Perhaps you saw Chris Matthews (MSNBC), YELLING at the TV as he talked about Mitt Romney - and complaining that: "HE's WINNING!" His anger shows a profound indication as to WHO WON THE DEBATE. And it is BECAUSE - IN CASE YOU MISSED IT - Romney COVERED EVERY QUESTION AND ISSUE COMPLETELY (or at least as good as anyone could in 90 minutes).

    4. Mitt Romney DID present an overview of his PLANS. He did this with his five-points overview, and on every other subject - with at least 3 discussion points. SO, one might say you did not listen to what was said during the debate, so maybe you didn't catch that part.

    5. I don't know what you expected to happen in 90 minutes - as governed by a moderator - but I think the debate went well, and apparently, a majority of the Republicans, Independents, AND Democrats (out of the 67 million people watching) - agreed that Romney explained his points well, and Obama did not rise to the occasion.

    Your article sounds more like a disgruntled editorial or opinon column - rather than a NEWS STORY of what happened during the debate, which it what it is supposed to be.

    And, by the way, almost every news writer SAID the debate was very good, and Romney WON - basically, because Obama did not say anything to support his "record." Romney also garnered great enthusiam from ADDED voters the next day - as show by increased interest in the plans he talked about, and ADDED contributions to his campaign.

    This was the big moment Romney has been waiting for.

  6. The rust belt swing states are getting all the attention..and that is a good thing. We have been spared (mostly) the ads, the phone calls ...
    I don't think the ground game is being ignored at all. And if no one is paying attention to the West, I think that is Romney's strategy
    Romney can spend his money low key..ground game in the West while feignting Obama into spending all of his time and energy in the East..Ohio and Florida are not the entire 48!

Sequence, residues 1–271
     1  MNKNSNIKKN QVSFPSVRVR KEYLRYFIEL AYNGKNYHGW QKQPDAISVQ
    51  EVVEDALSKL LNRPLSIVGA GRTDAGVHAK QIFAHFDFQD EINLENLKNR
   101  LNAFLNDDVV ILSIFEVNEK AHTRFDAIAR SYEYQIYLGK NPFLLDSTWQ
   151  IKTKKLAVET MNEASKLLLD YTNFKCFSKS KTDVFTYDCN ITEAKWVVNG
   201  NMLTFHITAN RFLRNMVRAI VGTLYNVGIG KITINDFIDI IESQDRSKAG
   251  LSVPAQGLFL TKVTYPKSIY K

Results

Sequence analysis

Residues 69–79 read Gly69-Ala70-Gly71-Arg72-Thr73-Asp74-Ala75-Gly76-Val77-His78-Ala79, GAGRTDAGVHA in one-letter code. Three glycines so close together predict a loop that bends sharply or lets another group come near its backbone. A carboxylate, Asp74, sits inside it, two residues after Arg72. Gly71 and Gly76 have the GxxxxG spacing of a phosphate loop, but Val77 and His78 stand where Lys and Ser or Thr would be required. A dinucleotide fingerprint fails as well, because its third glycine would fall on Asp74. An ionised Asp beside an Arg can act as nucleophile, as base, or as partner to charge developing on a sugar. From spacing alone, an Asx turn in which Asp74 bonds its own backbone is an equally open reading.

There is a lack of polling in the West..I think Villiagarosa won the mayoral election with a 14% turnout of voters in Los Angeles..That kind of turnout is ripe for ground level organizing..

  7. Bob Realist,

    When was the last time your name was on any ballot for any elected office for the people of this Great State to vote for you or your ideas?

    If your plan has merit, pay Ten bucks, get your own web site and post it for the world to see in full detail.

    If there really is something to it then the press and the pubic will take notice. All we see week after week is you spouting your plan here and it seems to gain ZERO interest. One million jobs at no cost? I am calling B.S. EVERYTHING costs someone and since all money belongs to tax payers we will be paying for it.

  8. You really want "our help" than do as I requested. Spend $10, put it on a domain on the open Internet for all to see.

    If it has any real merit than the public will get behind you. If not, it will be exposed for what it is either way.

    If I read your statement correctly, you once again want the government to tell people what they can eat?

    While I don't agree with how programs are handled there are limits to what this government should be doing. Who gets to be the judge of what is "Junk Food?"

  9. And what about Bob's 15% plan?